Purpose: In this study, the authors examined the effect of hearing loss on subjective reports of fatigue in school-age children using a standardized measure. Methods: As part of a larger ongoing study, the authors obtained subjective ratings of fatigue using the Pediatric Quality of Life Inventory (PedsQL) Multidimensional Fatigue Scale (Varni,…

  15. Facilitating Emergent Literacy Skills in Children with Hearing Loss

    Zupan, Barbra; Dempsey, Lynn

    2013-01-01

    Purpose: To (a) familiarize readers with the components of emergent literacy and the impact hearing loss may have on the development of these skills; (b) demonstrate the importance of parent-professional collaboration and show how specific literacy-based activities can be integrated into existing daily routines and intervention programming; and…

  16. Prevalence of noise induced hearing loss in textile industries in ...

    This cross sectional study measured the prevalence of Noise Induced Hearing Loss (NIHL) in textile industries in Dar Es Salaam city and Morogoro municipality. Data were collected from 125 employees randomly selected from each of the textile factory mill in each region through structured questionnaires and audiogram ...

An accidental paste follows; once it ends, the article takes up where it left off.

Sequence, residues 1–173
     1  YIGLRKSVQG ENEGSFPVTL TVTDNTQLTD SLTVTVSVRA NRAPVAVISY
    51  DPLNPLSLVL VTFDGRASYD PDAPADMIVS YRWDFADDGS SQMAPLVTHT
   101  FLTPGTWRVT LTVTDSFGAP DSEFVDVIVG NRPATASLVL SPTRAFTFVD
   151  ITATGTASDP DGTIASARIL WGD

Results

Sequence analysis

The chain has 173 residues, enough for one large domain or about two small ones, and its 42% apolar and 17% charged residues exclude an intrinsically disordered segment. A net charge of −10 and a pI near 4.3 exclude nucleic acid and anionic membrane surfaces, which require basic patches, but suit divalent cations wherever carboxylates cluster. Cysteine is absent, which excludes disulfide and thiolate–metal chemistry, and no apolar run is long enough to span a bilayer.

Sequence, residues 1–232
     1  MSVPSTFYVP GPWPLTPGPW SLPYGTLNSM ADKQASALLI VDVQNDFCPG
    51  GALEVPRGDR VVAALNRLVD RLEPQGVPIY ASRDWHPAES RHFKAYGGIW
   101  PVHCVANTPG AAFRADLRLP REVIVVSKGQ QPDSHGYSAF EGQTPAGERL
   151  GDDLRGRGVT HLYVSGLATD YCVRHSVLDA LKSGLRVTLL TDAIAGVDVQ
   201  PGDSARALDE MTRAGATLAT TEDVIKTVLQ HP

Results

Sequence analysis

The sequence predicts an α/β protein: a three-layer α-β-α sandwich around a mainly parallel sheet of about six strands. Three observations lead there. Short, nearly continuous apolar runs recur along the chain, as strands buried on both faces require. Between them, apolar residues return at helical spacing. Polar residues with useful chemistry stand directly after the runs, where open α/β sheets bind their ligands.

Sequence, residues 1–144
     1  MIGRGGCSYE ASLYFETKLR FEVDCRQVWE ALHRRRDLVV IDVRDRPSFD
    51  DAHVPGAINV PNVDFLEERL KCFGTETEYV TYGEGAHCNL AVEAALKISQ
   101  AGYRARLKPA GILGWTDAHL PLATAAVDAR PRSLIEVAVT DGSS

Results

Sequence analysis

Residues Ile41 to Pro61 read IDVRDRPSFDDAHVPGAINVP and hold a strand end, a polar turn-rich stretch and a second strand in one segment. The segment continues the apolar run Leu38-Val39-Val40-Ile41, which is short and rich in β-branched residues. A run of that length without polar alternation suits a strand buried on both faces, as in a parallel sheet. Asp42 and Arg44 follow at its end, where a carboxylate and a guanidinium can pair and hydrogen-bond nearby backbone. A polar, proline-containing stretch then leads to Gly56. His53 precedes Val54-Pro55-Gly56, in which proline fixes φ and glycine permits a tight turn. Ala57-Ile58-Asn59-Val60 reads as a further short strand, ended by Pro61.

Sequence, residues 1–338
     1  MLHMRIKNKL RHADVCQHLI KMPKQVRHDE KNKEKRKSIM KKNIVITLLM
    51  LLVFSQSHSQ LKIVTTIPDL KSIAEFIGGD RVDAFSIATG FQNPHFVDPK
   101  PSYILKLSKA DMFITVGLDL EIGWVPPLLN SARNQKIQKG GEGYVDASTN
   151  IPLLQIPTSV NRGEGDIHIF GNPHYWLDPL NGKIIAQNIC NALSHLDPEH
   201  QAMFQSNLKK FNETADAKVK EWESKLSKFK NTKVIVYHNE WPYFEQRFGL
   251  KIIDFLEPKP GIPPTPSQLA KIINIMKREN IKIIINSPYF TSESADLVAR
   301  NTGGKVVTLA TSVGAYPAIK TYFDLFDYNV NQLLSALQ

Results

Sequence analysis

17. Prevalence and awareness of noise induced hearing loss in two ...

    Noise above a certain acceptable level or sustained noise may cause damage to the ears. The aim of this study is to determine the prevalence and level of awareness of noise induced hearing loss in Calabar. Seventy-five workers from two noise producing companies, in Calabar- Flour mill and Wartsilla were chosen for this ...

  18. Considerations in Diagnosing Usher's Syndrome: RP and Hearing Loss.

    Vernon, McCay

    1982-01-01

    The association of hearing loss and retinitis pigmentosa has been generally recognized as the genetic disorder of Usher's syndrome. The article reviews findings of this syndrome and suggests strategies for dealing with the clinical and psychological problems displayed by Usher's syndrome patients. (Author/SW)

  19. Age of diagnosis of congenital hearing loss: Private v. public ...

    This study aimed to examine whether the private health services in the same city were any better. Objective. To determine whether the age of diagnosis of congenital hearing loss (CHL) in children seen in the private healthcare sector in Bloemfontein, Free State Province, SA, was lower than that in the public healthcare ...

  20. Hearing testing in the U.S. Department of Defense: Potential impact on Veterans Affairs hearing loss disability awards.

    Nelson, J T; Swan, A A; Swiger, B; Packer, M; Pugh, M J

    2017-06-01